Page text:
and adolescents that V.D. Semenov and other researchers wrote
about. The works of S.M. Rives, N.M. Shulman, V.I. Kufaev and
others discuss the general experience of the rehabilitation of
criminals, which focuses on the cultivation of self-reliance,
initiative, friendly relationships, and a sense of the fullness of life.
The validity of this conception of social education was supported
by psychological research that sought to classify the personality
traits of difficult children and adolescents (e.g., P.G. Belsky, G.S.
Ivanter, V.P. Kashchenko) and characterize intragroup relation-
ships (e.g., M.F. Belyaev, A.S. Zaluzhny, A.A. Fortunatov).
Research into the problems of groups of students that was
initiated by L.I. Novikova and A.T. Kurakin (e.g., L.P. Buyeva,
B.Z. Vulfov, A.T. Kurakin, L.Ya. Liymets, V.I. Maksakova, A.V.
Mudrik, S.D. Polyakov, N.L. Selivanova, V.D. Semenov) was
particularly important for the articulation of the normative and
interpretive aims of social education. Group (collective)
education, which constituted the focus of L.I. Novikovas
scientific approach, was identified with social education to a
certain extent, because it aimed at facilitating the acquisition of
the type of social experience that people would need in their

future lives. The childrens group represents a kind of model of

society. Society needs it as an educational tool that can be used
to insert the state into the child. This is the very state that is
governed by certain principles, rules, and social norms and that
teachers prepare their pupils to enter (Novikova, 1974). Relying
on special studies of group education, L.I. Novikova identifies the
conditions that are needed to implement it. Here she devotes
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signal attention to the fostering of the interpersonal relations that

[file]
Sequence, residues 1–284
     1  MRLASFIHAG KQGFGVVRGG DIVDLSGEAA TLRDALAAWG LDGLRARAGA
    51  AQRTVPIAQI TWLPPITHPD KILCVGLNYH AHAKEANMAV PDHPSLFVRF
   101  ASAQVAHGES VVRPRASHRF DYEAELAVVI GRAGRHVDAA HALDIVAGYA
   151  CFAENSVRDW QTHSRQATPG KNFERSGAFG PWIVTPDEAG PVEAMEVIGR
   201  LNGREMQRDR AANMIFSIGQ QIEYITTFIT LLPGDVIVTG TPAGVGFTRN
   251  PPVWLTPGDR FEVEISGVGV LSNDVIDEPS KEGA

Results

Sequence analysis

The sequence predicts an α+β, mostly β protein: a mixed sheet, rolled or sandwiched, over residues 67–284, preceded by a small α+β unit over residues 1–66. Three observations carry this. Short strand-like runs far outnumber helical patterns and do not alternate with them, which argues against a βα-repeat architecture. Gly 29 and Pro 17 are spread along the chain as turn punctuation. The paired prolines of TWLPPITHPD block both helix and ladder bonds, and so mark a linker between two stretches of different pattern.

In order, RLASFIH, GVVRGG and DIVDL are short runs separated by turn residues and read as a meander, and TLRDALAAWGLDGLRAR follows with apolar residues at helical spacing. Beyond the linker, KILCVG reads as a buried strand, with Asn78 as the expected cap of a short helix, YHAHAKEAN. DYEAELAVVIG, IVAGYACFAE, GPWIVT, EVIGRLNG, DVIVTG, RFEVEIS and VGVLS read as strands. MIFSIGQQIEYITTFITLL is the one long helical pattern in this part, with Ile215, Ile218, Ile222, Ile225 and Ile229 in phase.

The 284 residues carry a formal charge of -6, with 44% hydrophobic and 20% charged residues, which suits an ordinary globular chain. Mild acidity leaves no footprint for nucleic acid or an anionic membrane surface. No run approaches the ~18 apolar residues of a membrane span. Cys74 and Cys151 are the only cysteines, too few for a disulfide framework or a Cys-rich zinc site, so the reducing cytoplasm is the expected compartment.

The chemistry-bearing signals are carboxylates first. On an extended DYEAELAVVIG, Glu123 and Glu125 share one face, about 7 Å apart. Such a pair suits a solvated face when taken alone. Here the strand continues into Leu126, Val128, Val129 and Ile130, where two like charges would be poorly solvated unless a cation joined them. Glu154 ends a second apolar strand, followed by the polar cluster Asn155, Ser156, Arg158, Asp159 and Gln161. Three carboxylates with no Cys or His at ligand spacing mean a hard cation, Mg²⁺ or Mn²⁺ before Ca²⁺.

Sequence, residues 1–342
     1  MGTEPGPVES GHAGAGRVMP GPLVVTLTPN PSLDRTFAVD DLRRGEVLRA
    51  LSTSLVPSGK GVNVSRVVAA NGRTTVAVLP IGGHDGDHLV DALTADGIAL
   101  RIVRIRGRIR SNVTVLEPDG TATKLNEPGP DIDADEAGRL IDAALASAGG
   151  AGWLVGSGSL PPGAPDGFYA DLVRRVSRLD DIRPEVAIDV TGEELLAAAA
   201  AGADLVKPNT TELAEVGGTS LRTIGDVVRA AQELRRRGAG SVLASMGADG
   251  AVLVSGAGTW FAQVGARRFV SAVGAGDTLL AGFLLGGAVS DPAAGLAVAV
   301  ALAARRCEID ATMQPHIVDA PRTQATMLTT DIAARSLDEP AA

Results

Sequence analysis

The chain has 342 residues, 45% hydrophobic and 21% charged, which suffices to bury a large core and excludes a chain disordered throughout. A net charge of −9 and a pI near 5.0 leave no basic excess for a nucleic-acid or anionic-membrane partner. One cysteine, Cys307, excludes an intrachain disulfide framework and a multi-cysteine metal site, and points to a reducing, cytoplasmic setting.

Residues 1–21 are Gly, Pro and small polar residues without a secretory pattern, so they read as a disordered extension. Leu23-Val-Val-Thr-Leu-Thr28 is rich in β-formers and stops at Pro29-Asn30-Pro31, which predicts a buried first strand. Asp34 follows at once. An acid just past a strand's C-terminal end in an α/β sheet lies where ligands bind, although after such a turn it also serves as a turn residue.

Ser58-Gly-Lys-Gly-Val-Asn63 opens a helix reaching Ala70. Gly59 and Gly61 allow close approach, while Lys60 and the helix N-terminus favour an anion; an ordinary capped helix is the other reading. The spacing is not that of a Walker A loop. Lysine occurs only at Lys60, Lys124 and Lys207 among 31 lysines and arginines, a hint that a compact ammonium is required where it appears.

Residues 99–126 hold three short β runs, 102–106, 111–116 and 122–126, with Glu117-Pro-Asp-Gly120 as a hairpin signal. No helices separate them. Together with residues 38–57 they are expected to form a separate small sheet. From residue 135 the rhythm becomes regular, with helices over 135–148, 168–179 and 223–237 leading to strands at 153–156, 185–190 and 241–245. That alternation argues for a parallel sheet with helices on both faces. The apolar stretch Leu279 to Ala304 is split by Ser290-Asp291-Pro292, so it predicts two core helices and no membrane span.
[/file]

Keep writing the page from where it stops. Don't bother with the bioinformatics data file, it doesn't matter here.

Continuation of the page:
unite children as members of a sociopsychological community.
Relationships begin to acquire significance as components of
the structure of the childs personality (e.g., L.P. Buyeva, Ya.L.
Kolominsky, A.V. Petrovsky). In A.V. Mudriks (1983)
interpretation of personality, it is defined as a developing system
of the schoolchilds relationships to and with the world, on the
one hand, and with others and himself, on the other (Mudrik,
2006, p. 5). The relationship is presented as a significant
condition that determines the extent and nature of the
environments impact on the person (B.Z. Vulfov). The value
assigned to the formal and informal structures of the group and
the combination of the rational organization of childrens
activities and their communities is revised in light of this
This combination makes it possible to expand the range of
social educational tools, which include not only the formal
childrens group, self-management skills, and joint actions
taken by subjects to address socially important problems, but also
the structure of formal and informal relationships, emotional-
semantic and value orientations, the microcommunity, and
interpersonal interaction and communication. Thus, the huma-
nistic foundation of V.A. Sukhomlinskys approach allowed him
to formulate the idea of public education as the assimilation of a
lifestyle that the child conducts together with his or her family
and peers. The success of this process depends largely on whether
the childrens group provides a fully featured emotional life.
I.P. Ivanovas research is focused on the pedagogical problem of
the mutual relationships between children and adults. He analyzes
and interprets the positive educational experience of these
DECEMBER 2015 1081

relationships on the basis of the example of friendships between

representatives of different generations. K.D. Radinas research
focuses on the importance of the emotional sphere for the
development of the adolescents personality and emotionality as
a necessary condition for the development of the schoolchilds
social position. A.N. Lutoshkina, L.I. Umansky, and other
representatives of the Kursk-Kostroma Scientific School have
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studied subjectively significant components that are responsible

for group formation (intellectual, emotional, and volitional
communication; social and psychological maturity of the group;
psychological structure of the group; etc.), which today can be